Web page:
SENATOR CRUZ: This issue has obviously escalated significantly over this past weekend in terms of media attention, but it’s been something I’ve been dealing with since I came to the Senate. I understand the humanitarian disaster that has happened in Syria, and we have considered ways to try to assist the millions of refugees. I have tried to look for ways to help the refugees who are the least well served by the United Nations and other NGOs—first and foremost Christians—but have not had success getting bi-partisan support.
Given the reports that elements in the Paris attacks had infiltrated France as refugees, I think we need a full stop on bringing refugees from north Africa or the Middle East to the United States. It is simply too dangerous, and the Obama administration must reconsider their policy. We don’t have to make the same mistakes Europe has.
PJM: Despite Hillary Clinton’s “reset button” with Russia, Vladimir Putin has taken over the Crimea and parts of Ukraine, threatened the Baltic states, and inserted Russian presence as never before in the Middle East through his alliance with Iran in Syria. How do we stop Putin — now widely regarded as a stronger leader than our president — from reconstituting a yet more powerful Soviet Union?
SENATOR CRUZ: The fact of the matter is that our relationship with Russia is now dysfunctional. And this is not entirely Vladimir Putin’s fault. Certainly, he’s not a friend to the United States. He thinks the fall of the Soviet Union is the greatest catastrophe of the 20th century. He wants to undermine NATO. I understand that.
But there we should be able to co-exist with Russia without the disaster that is the current state of our relationship. Putin took the measure of President Obama and Secretary Clinton when they offered the “reset” in 2009, and acted accordingly. He seized Crimea without so much as a whimper out of the Obama administration. He has moved into Syria to prop up Bashir al-Assad. President Obama has done nothing in response, and now we have far fewer options. It’s hard to see how we can work together when Putin is openly disdainful of the American president. We may need a new one to get back to something other than a new Cold War.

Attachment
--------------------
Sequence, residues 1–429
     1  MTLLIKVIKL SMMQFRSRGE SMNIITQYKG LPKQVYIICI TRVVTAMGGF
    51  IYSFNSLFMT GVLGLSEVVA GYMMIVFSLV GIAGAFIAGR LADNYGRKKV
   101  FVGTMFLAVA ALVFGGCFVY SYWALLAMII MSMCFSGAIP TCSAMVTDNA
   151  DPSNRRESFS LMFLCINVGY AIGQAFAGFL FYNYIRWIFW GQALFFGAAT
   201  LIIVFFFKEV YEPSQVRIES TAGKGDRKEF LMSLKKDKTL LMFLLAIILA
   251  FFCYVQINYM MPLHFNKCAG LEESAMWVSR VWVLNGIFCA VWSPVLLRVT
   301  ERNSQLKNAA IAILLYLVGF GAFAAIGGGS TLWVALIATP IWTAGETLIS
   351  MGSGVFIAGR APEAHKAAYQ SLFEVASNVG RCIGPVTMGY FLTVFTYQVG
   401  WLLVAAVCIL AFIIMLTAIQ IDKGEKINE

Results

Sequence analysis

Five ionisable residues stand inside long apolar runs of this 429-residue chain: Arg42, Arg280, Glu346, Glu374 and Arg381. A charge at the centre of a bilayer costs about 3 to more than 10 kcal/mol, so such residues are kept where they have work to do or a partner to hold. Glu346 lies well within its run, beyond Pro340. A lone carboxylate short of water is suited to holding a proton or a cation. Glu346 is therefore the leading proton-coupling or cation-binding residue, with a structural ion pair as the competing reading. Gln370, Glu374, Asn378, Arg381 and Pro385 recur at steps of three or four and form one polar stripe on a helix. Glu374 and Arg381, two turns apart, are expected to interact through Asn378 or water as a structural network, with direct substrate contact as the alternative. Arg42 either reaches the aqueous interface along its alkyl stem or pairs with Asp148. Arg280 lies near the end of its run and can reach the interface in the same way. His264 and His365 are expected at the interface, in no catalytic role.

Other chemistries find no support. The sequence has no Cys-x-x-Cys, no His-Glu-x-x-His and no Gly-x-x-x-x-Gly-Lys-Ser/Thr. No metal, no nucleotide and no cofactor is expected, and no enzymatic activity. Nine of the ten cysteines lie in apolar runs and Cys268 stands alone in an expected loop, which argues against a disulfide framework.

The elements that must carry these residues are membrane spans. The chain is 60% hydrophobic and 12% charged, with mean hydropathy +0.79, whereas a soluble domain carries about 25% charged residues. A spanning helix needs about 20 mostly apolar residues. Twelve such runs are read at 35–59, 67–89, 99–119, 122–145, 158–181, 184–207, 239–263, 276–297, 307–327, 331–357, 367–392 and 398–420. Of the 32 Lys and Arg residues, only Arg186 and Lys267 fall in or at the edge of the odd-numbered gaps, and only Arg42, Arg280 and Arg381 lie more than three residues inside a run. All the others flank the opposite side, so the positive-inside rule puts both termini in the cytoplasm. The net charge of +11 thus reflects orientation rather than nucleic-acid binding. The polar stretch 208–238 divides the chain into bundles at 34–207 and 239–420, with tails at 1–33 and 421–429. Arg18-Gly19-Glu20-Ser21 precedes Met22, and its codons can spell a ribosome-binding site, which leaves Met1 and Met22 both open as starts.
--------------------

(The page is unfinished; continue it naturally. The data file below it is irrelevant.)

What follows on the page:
PJM: Since the Vietnam War, much of our mainstream media, the academy and the entertainment industry has portrayed America as more the problem than the solution in global affairs. They have succeeded to the degree that large portions of our public, including our youth, believe them. The result has seen the undermining of the Pax Americana and a world virtually coming apart under Obama’s so-called “leading from behind.” How would you as commander-in-chief communicate with the public to reeducate it about the necessity of America taking the lead in international affairs?
SENATOR CRUZ: It’s disgraceful that President Obama has revitalized the “Blame America First” crowd that President Reagan encountered in 1980. America is not what is wrong with the world—and I don’t think the American people need much help to understand this. The United States has been the greatest force for good in the history of the planet. The best interests of America have been in the best interests of our allies. This isn’t complicated.
The next American commander in chief will need to be ready on day one to reassure our allies that the United States is a reliable partner. And to make clear to hostile nations that the Obama era is over. That’s one thing I want to make clear as a presidential candidate so both our friends and our enemies will know what a Cruz administration will entail.
(Artwork created via multiple Shutterstock.com and AP elements.)